If Sister Jessie’s dream comes true, no mothers will die during childbirth in Shorapur Taluka of Yadagiri District in India.
In one of the poorest districts of north Karnataka, Jessie Saldanha, SCN, spends days and nights working toward this goal as the head of a pilot project of Narayana Health Limited, a Bangalore health care corporation.
After serving 15 years as chief pharmacist at Nazareth Hospital in Mokama, India, Sister Jessie pursued her master’s studies in clinical pharmacy practice from Manipal University in Mangalore, India. Upon completion, she says, “I felt a zeal burning within me to move to the periphery, to use my knowledge and skills for the benefit of the poor, rather than be confined to a four-walled institutional ministry.”
She and Ann Palatty, SCN provincial, met Dr. Devi Prasad Shetty the chairman of Narayana Health Limited Services and a well-known cardio-surgeon and philanthropist. Dr. Shetty explained that the mission of Narayana is to deliver high quality and affordable health care services to the broader population, especially people living at the margins, by leveraging economies of scale, skilled doctors, and an efficient business model.
He then described the needs of Yadagiri District where most people live in the rural areas and depend upon agriculture for their livelihood. The literacy rate is 52 percent. The Department of Health and Family Welfare has identified Yadagiri District as a high priority due to lack of adequate health care interventions and educational services. Of special concern is the maternal mortality rate – the number of women who die from causes related to pregnancy or its management. The figures are staggering. Sister Jessie knew immediately that she wanted to be part of this collaboration aimed at saving lives.
Sister Jessie is now the leader of this innovative pilot project intended to achieve a zero maternal mortality rate. She is the first woman religious to work in corporate social responsibility of Narayana Health Limited. The project is a creative public-private partnership between Narayana Health Services, the National Rural Health Mission, and Philips Technology.
These organizations work together to identify high-risk pregnancies, monitor these cases on an ongoing basis, provide food supplements for adequate nutrition, blood transfusions as needed, and then ensure that the mother is in the Taluka Hospital with appropriate medical services when the delivery date arrives. From April to June of this year, 164 high-risk pregnancies have been identified and a plan for follow-up care initiated. Promoting the use of technical innovations in health care, in partnership with Philips Technology through the company’s Mobile Obstetrics Monitoring, the team has been able to carefully evaluate the women at each stage of their pregnancy.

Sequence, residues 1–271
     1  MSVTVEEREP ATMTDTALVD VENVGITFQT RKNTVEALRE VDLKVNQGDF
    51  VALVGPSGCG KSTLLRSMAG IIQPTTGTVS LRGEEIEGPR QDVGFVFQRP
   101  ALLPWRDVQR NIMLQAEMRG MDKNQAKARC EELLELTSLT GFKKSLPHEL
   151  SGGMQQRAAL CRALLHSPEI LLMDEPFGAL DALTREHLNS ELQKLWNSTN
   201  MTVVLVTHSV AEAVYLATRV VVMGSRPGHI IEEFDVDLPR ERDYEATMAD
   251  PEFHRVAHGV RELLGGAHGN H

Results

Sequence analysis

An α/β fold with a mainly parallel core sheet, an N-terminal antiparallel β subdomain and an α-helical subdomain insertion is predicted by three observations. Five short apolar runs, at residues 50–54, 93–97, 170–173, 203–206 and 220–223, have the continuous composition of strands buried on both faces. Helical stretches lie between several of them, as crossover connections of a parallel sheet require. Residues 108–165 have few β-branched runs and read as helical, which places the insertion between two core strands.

Initial results of this collaboration are encouraging. In the past, many women have died because they could not afford the cost of a medically-necessary cesarean section or due to a delay in reaching a hospital for appropriate care. To cover the cost of surgery, a family would often have to sell or mortgage property or livestock, or take a loan from money lenders. Along with her team’s cooperation and support, Sister Jessie has helped women to have a C-section free of cost through this government and private program. In May 2016, 37 C-sections were performed. Sister Jessie was deeply touched as the first woman she helped blessed her, the attending doctor, and nurses after the delivery of her healthy baby.
Committed to God’s Call
Sister Jessie feels called to this work. “In every suffering person, I see Jesus lying there – the suffering Christ. If I can make a difference to this woman, that’s what I’m called to do as a person committed to God’s call.”
While this year the project focused on Shorapur Taluka which encompasses 264 villages, if successful, the hope is to expand the program to the entire district. The district has 519 villages. The program would also include four municipalities with a population of 1.4 million people. Sister Jessie sees this ministry as a way to respond to the call of Pope Francis to, “joyfully wake up the world as women religious to create a better world.”